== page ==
South Korea to enhance poultry farming environment
The country will ban sales of live chickens and ducks to prevent future outbreaks of avian influenza (AI), the agriculture ministry said Thursday.
The Ministry of Agriculture, Food and Rural Affairs said in a joint statement that it will work with a number of different organizations to better prevent bird flu as the country has witnessed several serious outbreaks in recent years, including one that led to the culling of over 33 million birds.
Most local poultry farms raise egg-laying hens in battery cages smaller than an A4 sheet of paper, barely over the minimum requirement. Keeping animals in such close confinement enables the disease to spread rapidly.
The strengthened quarantine measures are part of a broader plan to enhance poultry-rearing conditions as a series of bird flu outbreaks and sales of eggs contaminated with harmful insecticides has sparked public anxiety.
The government also plans to ban the trade of live chickens and ducks at outdoor traditional markets by 2022 to improve animal hygiene at the wholesale level.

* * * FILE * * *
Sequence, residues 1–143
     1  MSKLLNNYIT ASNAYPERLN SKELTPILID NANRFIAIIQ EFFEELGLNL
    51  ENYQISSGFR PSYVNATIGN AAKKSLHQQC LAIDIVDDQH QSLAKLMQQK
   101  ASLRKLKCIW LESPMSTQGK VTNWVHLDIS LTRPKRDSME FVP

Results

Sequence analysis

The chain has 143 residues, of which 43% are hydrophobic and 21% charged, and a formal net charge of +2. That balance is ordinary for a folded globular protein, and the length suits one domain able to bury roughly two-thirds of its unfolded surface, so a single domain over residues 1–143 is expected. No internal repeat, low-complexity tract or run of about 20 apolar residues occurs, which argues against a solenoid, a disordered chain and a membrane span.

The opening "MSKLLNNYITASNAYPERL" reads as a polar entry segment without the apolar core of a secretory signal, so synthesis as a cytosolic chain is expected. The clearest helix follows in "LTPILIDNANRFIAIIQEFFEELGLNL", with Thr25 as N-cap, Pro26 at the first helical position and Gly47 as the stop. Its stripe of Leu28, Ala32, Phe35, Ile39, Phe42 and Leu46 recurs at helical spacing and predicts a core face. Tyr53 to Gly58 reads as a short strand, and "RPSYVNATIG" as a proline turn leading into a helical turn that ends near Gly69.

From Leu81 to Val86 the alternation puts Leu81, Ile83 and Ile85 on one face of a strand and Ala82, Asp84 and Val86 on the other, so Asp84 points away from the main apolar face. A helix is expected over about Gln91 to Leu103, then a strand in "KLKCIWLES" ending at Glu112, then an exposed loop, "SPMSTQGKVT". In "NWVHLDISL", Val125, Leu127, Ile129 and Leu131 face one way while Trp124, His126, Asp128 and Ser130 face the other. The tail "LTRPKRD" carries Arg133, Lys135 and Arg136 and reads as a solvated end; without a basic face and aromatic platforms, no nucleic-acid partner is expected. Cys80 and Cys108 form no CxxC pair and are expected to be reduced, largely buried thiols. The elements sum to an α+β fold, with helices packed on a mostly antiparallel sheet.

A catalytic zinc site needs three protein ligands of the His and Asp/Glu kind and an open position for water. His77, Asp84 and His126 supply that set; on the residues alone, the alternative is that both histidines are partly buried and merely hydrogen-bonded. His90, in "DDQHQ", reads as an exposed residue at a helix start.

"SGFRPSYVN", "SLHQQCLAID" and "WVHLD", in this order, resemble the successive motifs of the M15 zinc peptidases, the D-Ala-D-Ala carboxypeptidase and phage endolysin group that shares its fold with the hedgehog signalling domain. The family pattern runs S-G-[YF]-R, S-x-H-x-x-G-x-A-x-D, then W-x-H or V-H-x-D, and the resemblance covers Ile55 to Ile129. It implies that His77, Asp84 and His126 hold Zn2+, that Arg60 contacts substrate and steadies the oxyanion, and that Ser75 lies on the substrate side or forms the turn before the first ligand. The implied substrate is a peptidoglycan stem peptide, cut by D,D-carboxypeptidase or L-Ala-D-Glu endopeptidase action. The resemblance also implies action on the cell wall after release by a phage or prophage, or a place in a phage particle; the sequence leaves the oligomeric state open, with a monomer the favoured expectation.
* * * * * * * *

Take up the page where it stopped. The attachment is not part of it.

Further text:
This year, it will start the registration of butchers and meat shops at traditional markets, and conduct regular inspections of poultry production during the distribution process.
Currently, live chickens and ducks are traded at 200 markets nationwide, accounting for 35 percent of the country's annual chicken supply of 43 million, according to the ministry.
To better take preventive measures, the ministry will help set up monitoring cameras at over 5,000 poultry farms by next year to put them under closer watch.
In addition, the ministry will provide tracking information of migratory birds at home and abroad, and issue warnings when suspected cases are found in neighboring nations.
Migratory birds are believed to bring in avian influenza strains to South Korea, triggering outbreaks.
In addition to broader changes, Seoul is pushing to complete inspections and vaccinations of birds at local farms by September, as well as enhance monitoring and take heightened safety measures in the next four months to prepare for the PyeongChang Winter Olympics, slated for February, it noted.
In light of safety concerns over eggs contaminated with pesticides, such as bifenthrin and fipronil, the government vowed to step up inspections from the production to the distribution of eggs starting next month.
The government currently conducts tests on 27 kinds of pesticides, but some of the contaminated eggs were found to be tainted with dichlorodiphenyltrichloroethane (DDT), a poisonous pesticide that was banned nearly 40 years ago.
When testing for fipronil and imidacloprid, a pesticide designed to control ants, cockroaches and other insects, officials will look into metabolite and excrement of animals as well.
The U.S. Environmental Protection Agency classifies both bifenthrin and fipronil as "possible human carcinogens." ■